Nithari serial killings are a painful reminder of the perplexing violence lurking within us
Death sentence for Moninder Singh Pandher and Surinder Koli does little to further either criminal justice or forensic understanding of such crimes.
- Total Shares
The Nithari serial killings unearthed in 2006 would go down in history as one of the most gruesome as well as perplexing cases of murders, of children and young girls at that, which despite conviction in eight of the 16 cases so far, remain shrouded in mystery, psychopathological intrigue as well as social incomprehension.
Ever since they came to light, they have continued to rattle legal and forensic minds, criminal psychologists and commentators, insofar as the extreme brutalities uncovered – rape, murder, abduction, dismemberment, beheadings, perhaps even cannibalism and evidence tampering – did not have any definite crime triggers, no “motive” as such, other than what lies in the unfathomable depths of the human mind, currents, and tendencies that rarely ever reach the surface, and when they do, they instill fear in the hearts of those outside its murky realm of violence and desire.
The two accused in the Nithari serial killings – the businessman Moninder Singh Pandher and his domestic help Surinder Koli – have once again been awarded the death sentence by a CBI court on July 24, for the murder of 20-year-old Pinki Sarkar. This is the sixth time Koli has been sentenced to death, of the eight cases heard so far.
Koli’s “confessions” in custody after the CBI took over the investigation in the case, have, however, been shrouded in allegations of torture. In September 2014, high-profile anti-death penalty advocate, Indira Jaising, saved Koli from the gallows at the nick of time in a midnight intervention. Justice Chandrachud commuted Koli’s death sentence to life citing “inordinate delay” in his mercy petition. Previously, former President Pranab Mukherjee had rejected Koli’s mercy petition.
The question of serial killings
As many as 50 children and young persons went missing in and around Nithari during the time, but the remains of only 19 have so far been discovered, that too after much prodding from the residents. Yet, the question of serial killing remains one of the most ill-understood aspects of violent crimes that have a pattern, but not enough motive.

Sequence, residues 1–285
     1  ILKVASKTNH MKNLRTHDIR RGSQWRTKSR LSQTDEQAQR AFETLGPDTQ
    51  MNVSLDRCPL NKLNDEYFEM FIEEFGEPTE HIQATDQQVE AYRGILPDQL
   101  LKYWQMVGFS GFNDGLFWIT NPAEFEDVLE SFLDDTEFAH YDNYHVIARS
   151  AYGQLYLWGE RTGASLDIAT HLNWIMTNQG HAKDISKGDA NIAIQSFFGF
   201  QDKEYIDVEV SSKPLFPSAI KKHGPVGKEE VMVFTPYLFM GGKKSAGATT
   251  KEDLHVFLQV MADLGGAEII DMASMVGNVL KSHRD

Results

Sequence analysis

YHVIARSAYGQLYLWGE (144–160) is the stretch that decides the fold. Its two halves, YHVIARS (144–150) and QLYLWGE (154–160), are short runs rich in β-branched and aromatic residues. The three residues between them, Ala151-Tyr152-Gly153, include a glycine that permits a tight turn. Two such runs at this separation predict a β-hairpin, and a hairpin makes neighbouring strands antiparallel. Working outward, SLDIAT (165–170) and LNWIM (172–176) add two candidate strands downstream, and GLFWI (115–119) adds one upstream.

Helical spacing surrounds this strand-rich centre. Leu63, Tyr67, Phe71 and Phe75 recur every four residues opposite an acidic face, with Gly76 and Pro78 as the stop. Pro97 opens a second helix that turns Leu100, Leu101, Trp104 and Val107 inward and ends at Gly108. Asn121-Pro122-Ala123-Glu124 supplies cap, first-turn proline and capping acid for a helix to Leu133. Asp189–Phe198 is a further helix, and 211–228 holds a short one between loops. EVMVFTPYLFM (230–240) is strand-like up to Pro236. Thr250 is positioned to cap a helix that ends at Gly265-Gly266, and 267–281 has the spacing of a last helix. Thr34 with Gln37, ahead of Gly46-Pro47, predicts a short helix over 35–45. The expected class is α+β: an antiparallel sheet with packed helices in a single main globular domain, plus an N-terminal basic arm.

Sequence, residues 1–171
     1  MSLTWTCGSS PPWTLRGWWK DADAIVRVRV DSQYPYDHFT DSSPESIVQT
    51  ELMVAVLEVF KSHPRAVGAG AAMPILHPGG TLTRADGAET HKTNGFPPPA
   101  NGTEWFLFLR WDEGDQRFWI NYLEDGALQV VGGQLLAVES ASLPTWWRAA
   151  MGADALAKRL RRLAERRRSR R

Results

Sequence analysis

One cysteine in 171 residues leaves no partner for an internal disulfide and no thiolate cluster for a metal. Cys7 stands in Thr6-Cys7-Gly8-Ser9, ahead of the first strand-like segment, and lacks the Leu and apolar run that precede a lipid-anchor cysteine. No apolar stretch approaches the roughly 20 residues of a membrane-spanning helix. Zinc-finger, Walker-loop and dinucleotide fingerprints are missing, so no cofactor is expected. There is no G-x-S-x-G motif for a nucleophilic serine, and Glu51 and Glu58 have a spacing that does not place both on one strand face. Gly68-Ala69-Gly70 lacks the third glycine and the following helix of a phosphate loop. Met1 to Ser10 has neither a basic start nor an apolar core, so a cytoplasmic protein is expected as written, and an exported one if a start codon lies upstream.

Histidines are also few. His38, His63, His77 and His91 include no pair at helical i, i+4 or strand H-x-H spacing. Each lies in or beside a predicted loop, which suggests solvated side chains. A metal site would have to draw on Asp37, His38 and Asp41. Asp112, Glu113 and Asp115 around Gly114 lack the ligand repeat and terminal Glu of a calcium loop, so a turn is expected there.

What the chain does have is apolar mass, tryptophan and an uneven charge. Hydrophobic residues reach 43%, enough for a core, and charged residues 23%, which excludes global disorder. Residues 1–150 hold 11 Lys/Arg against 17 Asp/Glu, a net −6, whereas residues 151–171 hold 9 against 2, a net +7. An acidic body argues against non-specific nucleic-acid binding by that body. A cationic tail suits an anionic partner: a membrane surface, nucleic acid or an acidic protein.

Nithari killings are a testimony to the limits of criminal psychology, social anthropology as well as the forensic sciences to adequately comprehend what prompts human beings to resort to such heinous crimes again and again. Evidently, mere sociological explanation, or even establishing “without a doubt” the criminal responsibility of the perpetrators, fail to address the extremeness of the cruelties displayed, again and again. Though on multiple occasions, the Nithari serial killings have been dubbed “barbaric”, the distinction between what’s “civilized” and what’s not is really blurry and actually false. Nithari is in Noida, or the New Okhla Industrial Development Authority’s planned industrial city, in its Sector 31.
It’s barely away from the plush residential and office complexes of Film City in Sector 16A, the highrises in this NCR suburb that’s synonymous with India’s 21st century aspirations. Noida is one of the beating hearts of our many-hearted country that sees its sub-cities as hubs of accelerated development. Pandher, a businessman, could have been the new Indian ideal entrepreneur, but he turned out to be a possible, now convicted, serial killer. Criminal anthropology had come a long way from the late 19th century days of Italian school of criminal positivism, led by Cesare Lombroso, who proposed the now utterly discredited notion of the “born criminal”.